History of Us Foreign Policy

Barcelona, May 4 2005





The changing conditions at home and abroad made U.S. participation in world affairs after the Civil War (1861-1865) not only more extensive but vastly more significant. The question of when the United States first became a great power is open to debate. That status may date from the Spanish-American War (1898) or from the U.S entry into World War I (1917).


      Wilson's Fourteen Points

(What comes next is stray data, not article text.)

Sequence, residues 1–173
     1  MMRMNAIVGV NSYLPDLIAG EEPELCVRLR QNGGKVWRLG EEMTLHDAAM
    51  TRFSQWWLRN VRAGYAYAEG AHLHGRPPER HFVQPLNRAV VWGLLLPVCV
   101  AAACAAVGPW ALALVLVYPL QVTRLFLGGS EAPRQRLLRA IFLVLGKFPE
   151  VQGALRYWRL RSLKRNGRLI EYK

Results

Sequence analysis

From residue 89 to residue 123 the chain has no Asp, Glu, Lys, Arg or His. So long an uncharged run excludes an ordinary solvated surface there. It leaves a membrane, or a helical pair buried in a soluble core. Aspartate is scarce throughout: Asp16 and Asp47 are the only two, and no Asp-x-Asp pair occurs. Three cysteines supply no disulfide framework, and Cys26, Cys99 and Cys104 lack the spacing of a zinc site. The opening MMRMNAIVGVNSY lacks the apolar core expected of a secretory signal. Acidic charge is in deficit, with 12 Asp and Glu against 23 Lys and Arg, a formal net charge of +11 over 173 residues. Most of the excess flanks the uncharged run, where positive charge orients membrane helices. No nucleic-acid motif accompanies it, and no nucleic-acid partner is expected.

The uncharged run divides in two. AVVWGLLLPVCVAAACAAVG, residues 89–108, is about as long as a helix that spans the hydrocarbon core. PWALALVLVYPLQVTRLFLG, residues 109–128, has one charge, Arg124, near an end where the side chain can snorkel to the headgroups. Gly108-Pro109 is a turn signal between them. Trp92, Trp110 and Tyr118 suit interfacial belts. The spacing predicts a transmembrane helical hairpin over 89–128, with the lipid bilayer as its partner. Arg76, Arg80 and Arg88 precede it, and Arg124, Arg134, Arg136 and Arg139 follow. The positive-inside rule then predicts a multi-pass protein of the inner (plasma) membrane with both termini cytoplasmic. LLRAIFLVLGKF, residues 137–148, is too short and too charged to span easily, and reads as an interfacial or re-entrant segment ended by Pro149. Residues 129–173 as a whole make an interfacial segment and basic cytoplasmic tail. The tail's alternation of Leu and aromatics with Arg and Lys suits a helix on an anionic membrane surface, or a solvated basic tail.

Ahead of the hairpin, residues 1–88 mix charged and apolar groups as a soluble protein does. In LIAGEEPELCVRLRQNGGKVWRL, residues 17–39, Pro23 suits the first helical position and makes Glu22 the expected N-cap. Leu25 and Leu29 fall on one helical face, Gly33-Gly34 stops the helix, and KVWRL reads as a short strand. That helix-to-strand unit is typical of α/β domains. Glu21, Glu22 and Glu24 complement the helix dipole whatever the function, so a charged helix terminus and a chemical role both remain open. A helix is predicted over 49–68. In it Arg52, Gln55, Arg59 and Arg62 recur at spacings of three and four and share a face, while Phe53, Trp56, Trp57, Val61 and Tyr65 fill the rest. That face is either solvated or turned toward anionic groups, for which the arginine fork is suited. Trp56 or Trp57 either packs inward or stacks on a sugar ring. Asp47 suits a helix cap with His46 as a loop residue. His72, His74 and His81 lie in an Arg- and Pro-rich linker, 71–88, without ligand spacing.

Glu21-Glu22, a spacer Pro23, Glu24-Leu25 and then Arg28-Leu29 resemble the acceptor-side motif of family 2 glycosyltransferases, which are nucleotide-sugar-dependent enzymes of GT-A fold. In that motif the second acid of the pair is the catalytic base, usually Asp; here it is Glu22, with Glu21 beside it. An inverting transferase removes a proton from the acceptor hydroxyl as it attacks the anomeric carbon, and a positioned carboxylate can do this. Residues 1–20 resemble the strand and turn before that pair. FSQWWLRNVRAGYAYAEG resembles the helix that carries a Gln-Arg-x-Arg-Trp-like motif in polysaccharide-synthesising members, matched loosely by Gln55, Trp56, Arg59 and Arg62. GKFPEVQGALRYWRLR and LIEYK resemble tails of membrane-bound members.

The immediate cause of America’s entry into World War I in April 1917 was the German announcement of unrestricted submarine warfare, and the subsequent sinking of ships with Americans on board. But President Wilson’s war aims went beyond the defense of U.S. maritime interests. In his War Message to Congress he declared “our object is to vindicate the principles of peace and justice in the life of the world.” Wilson used several speeches earlier in the year to sketch out his vision of an end to the war that would bring a “just and secure peace,” and not merely “a new balance of power.” He then appointed a committee of experts known as The Inquiry to help him refine his ideas for peace. In December 1917 he asked The Inquiry to draw up specific recommendations for a comprehensive peace settlement. Using these recommendations, Wilson presented a program of fourteen points to a joint session of Congress on January 8, 1918. Eight of the fourteen points treated specific territorial issues among the combatant nations. Five of the other six concerned general principles for a peaceful world: open covenants (i.e. treaties or agreements), openly arrived at; freedom of the seas; free trade; reduction of armaments; and adjustment of colonial claims based on the principles of self-determination. The fourteenth point proposed what was to become the League of Nations to guarantee the “political independence and territorial integrity [of] great and small...